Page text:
Indian Politics: The Potency Factor!
At long last the right issue has been debated or argued or rioted in Indian politics all over the country at the most righteous time. Indian politics, fortunately, seems to have overflowingly matured making its perpetrators ‘capable’ of judging others. One very important and distinguished member of the Indian Government has called the main opposition leader impotent. Well, immediately after he took immense pains to clarify the ‘reference to the context’, that is to say he meant the ‘word’ in the ‘administrative’ terms and never in the worse possible sense that the ‘word’ is ‘capable’ of implicating. We would rather not take names here, because Indian politics has worsened than just name calling leaving nothing in mere names. The affected opposition party is up in arms calling it ‘unparliamentary’ and most uncouth kind of use of words. Well, we cannot enlighten you further on this, because at the moment we do not know what is ‘parliamentary’.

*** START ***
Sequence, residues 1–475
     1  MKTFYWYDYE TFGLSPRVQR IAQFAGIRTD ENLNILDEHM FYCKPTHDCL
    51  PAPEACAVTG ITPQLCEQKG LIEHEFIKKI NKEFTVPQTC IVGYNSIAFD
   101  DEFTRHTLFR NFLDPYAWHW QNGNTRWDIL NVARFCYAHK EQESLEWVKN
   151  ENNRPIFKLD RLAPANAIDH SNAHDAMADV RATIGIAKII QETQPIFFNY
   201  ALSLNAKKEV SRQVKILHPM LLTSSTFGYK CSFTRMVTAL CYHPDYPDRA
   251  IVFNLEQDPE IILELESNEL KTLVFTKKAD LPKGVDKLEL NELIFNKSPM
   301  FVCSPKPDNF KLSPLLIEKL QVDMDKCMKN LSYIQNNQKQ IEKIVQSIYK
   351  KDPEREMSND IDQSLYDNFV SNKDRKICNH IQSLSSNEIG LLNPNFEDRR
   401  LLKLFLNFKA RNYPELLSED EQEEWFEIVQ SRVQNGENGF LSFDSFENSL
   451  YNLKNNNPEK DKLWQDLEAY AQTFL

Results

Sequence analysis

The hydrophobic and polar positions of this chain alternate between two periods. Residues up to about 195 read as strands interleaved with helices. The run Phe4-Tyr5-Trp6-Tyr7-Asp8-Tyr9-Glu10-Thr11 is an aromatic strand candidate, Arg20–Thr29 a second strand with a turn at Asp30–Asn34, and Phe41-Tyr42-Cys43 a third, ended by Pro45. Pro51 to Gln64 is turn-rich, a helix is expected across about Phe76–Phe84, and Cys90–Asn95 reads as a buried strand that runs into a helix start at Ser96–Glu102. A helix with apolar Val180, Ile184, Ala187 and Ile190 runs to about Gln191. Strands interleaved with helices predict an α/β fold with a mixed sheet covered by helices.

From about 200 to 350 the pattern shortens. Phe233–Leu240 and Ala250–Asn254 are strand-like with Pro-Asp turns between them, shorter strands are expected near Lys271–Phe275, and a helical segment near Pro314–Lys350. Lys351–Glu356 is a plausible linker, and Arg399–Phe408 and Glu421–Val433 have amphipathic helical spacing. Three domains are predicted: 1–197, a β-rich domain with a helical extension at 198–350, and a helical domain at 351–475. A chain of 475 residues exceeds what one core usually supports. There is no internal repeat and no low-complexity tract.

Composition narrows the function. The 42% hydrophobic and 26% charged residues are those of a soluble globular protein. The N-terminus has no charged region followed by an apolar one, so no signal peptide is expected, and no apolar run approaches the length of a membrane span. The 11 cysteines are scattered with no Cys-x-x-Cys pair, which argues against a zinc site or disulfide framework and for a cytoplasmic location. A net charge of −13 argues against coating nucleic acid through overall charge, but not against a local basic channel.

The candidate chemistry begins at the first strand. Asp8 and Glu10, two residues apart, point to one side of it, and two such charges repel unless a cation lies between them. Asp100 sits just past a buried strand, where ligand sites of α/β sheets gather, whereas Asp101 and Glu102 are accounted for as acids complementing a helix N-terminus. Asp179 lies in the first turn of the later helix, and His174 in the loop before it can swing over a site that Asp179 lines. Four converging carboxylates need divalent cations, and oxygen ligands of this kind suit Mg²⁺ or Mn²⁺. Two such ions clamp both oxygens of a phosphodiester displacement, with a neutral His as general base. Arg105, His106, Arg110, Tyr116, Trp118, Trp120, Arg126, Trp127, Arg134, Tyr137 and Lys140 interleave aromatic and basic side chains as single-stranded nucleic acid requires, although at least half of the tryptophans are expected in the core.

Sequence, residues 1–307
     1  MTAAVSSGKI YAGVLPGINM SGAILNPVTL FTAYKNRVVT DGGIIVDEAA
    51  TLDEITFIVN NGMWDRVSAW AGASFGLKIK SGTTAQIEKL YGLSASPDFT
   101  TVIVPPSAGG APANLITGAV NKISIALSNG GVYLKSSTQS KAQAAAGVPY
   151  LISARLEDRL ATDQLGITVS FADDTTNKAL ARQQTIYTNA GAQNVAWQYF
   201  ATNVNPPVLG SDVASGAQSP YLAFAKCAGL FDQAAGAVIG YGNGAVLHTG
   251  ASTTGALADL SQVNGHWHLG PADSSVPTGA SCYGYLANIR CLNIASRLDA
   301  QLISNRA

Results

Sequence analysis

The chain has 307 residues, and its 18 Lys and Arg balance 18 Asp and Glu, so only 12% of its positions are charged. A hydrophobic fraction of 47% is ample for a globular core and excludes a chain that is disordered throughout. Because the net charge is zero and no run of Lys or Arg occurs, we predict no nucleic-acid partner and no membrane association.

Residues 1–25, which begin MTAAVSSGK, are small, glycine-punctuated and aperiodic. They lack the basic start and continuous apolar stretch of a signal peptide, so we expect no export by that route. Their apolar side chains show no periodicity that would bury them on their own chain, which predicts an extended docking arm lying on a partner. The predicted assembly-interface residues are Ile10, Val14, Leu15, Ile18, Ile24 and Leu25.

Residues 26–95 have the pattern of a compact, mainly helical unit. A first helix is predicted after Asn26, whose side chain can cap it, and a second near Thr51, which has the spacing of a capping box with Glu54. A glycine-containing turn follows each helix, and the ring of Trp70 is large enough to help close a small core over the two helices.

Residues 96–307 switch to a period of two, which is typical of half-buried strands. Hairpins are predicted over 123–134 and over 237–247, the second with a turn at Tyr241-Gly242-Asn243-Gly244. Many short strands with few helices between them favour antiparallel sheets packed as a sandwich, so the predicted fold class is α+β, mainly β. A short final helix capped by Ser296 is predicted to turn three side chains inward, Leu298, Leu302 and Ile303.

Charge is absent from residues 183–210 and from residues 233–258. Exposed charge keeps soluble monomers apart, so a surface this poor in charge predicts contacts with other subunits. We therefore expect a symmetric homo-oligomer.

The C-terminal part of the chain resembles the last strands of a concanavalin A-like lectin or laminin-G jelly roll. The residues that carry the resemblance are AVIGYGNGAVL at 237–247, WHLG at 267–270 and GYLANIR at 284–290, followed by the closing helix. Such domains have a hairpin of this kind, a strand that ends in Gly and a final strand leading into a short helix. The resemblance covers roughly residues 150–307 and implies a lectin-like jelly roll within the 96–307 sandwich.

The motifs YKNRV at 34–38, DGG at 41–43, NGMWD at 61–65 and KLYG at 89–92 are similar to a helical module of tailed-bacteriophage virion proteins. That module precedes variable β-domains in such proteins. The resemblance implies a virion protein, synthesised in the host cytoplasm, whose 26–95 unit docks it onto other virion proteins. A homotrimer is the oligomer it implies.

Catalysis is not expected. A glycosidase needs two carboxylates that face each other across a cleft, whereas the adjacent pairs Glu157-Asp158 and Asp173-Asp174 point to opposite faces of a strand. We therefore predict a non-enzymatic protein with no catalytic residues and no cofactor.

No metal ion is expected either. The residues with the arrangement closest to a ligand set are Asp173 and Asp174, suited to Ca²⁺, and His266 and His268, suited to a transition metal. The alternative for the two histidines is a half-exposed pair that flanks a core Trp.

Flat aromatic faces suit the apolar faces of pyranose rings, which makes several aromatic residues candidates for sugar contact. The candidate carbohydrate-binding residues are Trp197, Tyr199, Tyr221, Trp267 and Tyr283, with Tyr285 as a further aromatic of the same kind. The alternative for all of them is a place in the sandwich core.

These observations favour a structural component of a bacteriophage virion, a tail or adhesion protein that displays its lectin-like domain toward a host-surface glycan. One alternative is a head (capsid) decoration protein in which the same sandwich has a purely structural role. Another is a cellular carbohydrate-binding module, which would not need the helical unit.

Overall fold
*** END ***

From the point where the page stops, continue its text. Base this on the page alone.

They (the Indian politicians) seem to have matured so explicitly that they are prepared to go back in time to find and judge who was ‘incapable’, of course administratively or managerially. They are ready as ever to go back to 1984, to 2002, to 1992-93 and even back to the Partition of India. As the riot of words continues to break out in all possible public avenues they might be willing to go back to pre-historic India too. This fact-finding zeal is getting really inspiring.
The citizens of India now have the ‘potency’ factor to judge leaders and contestants in the forthcoming General Elections. Right, before voting you can examine if the candidates are potent or impotent—in administrative or managerial or in whatever terms of ‘context’ or ‘reference’ you may feel like taking into consideration.